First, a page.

Divers return to Antikythera wreck
Picture: Tilemahos Efthimiadis.
Archaeological diving is to resume on Greece’s deep-lying Antikythera shipwreck, following a two-year lull.
The ancient merchant ship sank around the middle of the 1st century BC, and is best-known for carrying the “Antikythera Mechanism”, described as the world’s oldest analogue computer.
The wreck was discovered by sponge-divers off the island of Antikythera in 1900, and the mechanism was found soon afterwards, but the 50m-plus depth of the wreck for a long time made systematic investigations difficult.
Over the years the wreck has yielded statues, coins and other artefacts, many of which are displayed at Athens’ National Archaeological Museum.
A report of the last excavation in Divernet in October 2017 suggested that the divers had been closing in on a prized hoard of rare bronze statues.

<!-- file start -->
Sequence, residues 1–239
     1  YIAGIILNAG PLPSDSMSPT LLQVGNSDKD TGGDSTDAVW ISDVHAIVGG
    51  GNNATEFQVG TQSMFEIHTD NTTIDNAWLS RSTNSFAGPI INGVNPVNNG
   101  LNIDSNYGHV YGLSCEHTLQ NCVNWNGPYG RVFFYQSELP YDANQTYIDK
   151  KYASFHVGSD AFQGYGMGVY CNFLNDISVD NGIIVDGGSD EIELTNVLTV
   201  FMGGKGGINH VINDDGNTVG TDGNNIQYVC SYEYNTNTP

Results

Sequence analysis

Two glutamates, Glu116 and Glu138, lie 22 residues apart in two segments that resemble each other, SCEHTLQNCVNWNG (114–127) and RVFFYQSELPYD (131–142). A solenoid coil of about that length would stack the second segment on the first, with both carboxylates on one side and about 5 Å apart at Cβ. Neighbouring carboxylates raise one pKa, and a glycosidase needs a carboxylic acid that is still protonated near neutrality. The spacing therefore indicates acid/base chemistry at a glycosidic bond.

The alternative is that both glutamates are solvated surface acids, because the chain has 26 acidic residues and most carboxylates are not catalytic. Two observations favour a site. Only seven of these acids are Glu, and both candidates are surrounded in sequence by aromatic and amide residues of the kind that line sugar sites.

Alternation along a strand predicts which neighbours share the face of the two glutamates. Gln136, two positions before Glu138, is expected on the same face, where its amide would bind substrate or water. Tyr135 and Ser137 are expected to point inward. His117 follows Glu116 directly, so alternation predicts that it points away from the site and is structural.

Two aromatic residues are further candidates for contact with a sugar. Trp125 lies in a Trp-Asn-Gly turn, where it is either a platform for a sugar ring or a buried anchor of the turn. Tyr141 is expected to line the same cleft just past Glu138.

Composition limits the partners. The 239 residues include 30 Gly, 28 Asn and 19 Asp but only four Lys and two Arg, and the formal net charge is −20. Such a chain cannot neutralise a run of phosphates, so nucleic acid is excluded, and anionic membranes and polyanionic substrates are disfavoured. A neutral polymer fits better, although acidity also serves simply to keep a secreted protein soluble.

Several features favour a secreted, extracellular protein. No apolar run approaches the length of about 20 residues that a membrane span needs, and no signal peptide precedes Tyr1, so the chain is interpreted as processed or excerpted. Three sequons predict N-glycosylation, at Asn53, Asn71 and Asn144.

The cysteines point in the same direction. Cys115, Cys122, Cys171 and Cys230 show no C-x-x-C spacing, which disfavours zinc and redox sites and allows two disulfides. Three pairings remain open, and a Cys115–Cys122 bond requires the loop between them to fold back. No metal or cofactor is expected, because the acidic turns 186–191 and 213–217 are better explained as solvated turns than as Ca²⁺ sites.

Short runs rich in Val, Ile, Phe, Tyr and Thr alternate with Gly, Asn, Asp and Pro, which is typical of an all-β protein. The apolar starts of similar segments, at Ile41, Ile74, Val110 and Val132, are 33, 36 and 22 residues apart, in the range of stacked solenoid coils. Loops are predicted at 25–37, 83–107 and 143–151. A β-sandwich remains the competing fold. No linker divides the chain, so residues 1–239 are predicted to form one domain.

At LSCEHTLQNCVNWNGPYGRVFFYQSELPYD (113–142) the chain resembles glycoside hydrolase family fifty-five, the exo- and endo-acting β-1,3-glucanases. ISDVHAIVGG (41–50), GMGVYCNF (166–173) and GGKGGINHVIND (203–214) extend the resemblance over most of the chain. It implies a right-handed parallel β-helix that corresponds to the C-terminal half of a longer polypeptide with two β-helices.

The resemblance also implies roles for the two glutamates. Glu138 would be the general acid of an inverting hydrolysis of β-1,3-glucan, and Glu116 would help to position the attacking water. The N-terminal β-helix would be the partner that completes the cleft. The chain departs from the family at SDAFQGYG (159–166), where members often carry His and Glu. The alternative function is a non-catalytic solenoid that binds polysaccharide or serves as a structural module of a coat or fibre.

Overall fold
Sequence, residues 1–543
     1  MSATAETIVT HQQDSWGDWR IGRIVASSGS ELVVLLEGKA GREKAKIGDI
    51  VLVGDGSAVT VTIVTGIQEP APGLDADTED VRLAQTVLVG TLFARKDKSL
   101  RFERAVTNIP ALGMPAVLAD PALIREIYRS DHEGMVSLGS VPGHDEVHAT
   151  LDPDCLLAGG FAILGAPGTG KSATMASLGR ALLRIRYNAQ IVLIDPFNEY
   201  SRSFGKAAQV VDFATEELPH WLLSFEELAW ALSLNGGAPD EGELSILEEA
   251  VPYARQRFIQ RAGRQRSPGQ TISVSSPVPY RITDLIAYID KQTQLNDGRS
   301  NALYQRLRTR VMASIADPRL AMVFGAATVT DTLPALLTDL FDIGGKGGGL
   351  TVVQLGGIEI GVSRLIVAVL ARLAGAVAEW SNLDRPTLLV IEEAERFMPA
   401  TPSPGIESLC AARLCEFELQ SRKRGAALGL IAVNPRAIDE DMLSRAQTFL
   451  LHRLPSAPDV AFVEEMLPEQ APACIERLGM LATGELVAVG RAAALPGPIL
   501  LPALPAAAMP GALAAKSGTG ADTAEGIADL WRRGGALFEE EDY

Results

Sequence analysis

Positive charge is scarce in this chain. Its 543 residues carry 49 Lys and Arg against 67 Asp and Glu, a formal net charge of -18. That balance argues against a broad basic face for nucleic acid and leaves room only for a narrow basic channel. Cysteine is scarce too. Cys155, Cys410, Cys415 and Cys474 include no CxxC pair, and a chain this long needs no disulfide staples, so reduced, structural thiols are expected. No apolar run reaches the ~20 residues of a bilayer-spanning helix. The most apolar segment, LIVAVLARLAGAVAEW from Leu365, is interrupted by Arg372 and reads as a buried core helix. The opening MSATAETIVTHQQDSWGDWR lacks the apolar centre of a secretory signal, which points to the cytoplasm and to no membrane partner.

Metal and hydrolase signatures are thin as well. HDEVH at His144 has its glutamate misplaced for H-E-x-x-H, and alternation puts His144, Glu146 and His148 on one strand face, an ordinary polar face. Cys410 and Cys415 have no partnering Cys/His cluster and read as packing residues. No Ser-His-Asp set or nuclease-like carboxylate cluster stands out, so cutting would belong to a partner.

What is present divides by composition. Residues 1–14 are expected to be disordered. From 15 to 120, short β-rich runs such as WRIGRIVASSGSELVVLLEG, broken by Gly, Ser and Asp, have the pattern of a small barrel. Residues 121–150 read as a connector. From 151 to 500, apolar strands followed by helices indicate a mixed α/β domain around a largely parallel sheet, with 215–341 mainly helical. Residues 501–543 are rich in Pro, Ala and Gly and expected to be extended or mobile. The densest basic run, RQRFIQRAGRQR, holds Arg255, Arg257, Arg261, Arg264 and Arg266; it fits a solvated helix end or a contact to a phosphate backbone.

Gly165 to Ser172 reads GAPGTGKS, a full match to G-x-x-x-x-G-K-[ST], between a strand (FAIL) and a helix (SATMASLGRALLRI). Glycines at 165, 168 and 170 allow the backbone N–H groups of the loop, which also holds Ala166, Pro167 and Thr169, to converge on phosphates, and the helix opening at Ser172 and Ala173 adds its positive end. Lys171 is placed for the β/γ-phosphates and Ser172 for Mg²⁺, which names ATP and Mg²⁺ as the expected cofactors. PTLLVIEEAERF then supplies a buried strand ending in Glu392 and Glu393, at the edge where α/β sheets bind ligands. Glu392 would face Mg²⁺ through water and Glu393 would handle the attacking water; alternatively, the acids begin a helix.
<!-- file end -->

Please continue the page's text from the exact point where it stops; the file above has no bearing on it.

Although a resumption of work had been scheduled for May 2018, a new expedition has only just been announced by the Aikaterini Laskaridis Foundation, which is providing its vessel Typhoon for the purpose.
7 October 2019
According to the foundation the expedition marks the first time that such scientific fieldwork has been undertaken by an all-Greek team.
The Head of the Ephorate of Antiquities of Euboea, Dr Angeliki Simosi, is leading underwater archaeologists, film-makers and technical divers from the Hellenic Coastguard Underwater Operations Unit, with the immediate aim of retrieving particular artefacts, updating the map of the archaeological site and assessing the condition of the wreck.
It should be of inormous emotion to touch something from thousands of years ago!
A place that was part of an era where people used to walk in a deck having theirs lives, travelling up and down these routes!